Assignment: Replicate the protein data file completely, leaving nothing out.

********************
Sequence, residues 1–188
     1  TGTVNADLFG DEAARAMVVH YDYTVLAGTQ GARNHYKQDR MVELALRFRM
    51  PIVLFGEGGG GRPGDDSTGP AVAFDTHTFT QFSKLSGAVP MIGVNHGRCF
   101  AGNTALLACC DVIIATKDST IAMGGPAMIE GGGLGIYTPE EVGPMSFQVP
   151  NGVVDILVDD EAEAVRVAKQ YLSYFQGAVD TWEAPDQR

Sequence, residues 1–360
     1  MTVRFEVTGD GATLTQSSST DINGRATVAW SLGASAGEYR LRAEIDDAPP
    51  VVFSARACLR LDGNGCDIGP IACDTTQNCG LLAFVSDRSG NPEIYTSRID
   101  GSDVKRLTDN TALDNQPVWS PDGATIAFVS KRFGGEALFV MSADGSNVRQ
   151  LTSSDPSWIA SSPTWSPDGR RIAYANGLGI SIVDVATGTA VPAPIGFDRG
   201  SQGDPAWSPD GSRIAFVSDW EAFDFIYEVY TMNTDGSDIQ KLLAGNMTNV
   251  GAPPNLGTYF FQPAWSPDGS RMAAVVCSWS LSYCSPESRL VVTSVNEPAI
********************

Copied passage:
Sequence, residues 1–188
     1  TGTVNADLFG DEAARAMVVH YDYTVLAGTQ GARNHYKQDR MVELALRFRM
    51  PIVLFGEGGG GRPGDDSTGP AVAFDTHTFT QFSKLSGAVP MIGVNHGRCF
   101  AGNTALLACC DVIIATKDST IAMGGPAMIE GGGLGIYTPE EVGPMSFQVP
   151  NGVVDILVDD EAEAVRVAKQ YLSYFQGAVD TWEAPDQR

Sequence, residues 1–360
     1  MTVRFEVTGD GATLTQSSST DINGRATVAW SLGASAGEYR LRAEIDDAPP
    51  VVFSARACLR LDGNGCDIGP IACDTTQNCG LLAFVSDRSG NPEIYTSRID
   101  GSDVKRLTDN TALDNQPVWS PDGATIAFVS KRFGGEALFV MSADGSNVRQ
   151  LTSSDPSWIA SSPTWSPDGR RIAYANGLGI SIVDVATGTA VPAPIGFDRG
   201  SQGDPAWSPD GSRIAFVSDW EAFDFIYEVY TMNTDGSDIQ KLLAGNMTNV
   251  GAPPNLGTYF FQPAWSPDGS RMAAVVCSWS LSYCSPESRL VVTSVNEPAI